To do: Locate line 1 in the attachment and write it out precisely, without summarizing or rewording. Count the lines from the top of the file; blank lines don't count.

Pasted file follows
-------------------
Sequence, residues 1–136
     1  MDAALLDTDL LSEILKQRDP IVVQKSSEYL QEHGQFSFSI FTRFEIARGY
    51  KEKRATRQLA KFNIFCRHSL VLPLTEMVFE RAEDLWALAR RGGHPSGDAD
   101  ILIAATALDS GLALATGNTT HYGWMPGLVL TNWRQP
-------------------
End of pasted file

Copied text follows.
Sequence, residues 1–136